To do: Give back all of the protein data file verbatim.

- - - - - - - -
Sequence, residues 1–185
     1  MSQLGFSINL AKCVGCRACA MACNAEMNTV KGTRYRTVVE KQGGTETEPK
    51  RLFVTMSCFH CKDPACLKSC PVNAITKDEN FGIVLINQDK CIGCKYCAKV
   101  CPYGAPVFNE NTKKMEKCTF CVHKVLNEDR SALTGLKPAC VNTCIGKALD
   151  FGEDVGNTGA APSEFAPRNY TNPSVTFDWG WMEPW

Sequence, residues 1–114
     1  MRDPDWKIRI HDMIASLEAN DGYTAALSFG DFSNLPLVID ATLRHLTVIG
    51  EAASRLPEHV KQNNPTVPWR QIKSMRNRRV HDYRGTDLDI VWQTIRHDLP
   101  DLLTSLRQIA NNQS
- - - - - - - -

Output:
Sequence, residues 1–185
     1  MSQLGFSINL AKCVGCRACA MACNAEMNTV KGTRYRTVVE KQGGTETEPK
    51  RLFVTMSCFH CKDPACLKSC PVNAITKDEN FGIVLINQDK CIGCKYCAKV
   101  CPYGAPVFNE NTKKMEKCTF CVHKVLNEDR SALTGLKPAC VNTCIGKALD
   151  FGEDVGNTGA APSEFAPRNY TNPSVTFDWG WMEPW

Sequence, residues 1–114
     1  MRDPDWKIRI HDMIASLEAN DGYTAALSFG DFSNLPLVID ATLRHLTVIG
    51  EAASRLPEHV KQNNPTVPWR QIKSMRNRRV HDYRGTDLDI VWQTIRHDLP
   101  DLLTSLRQIA NNQS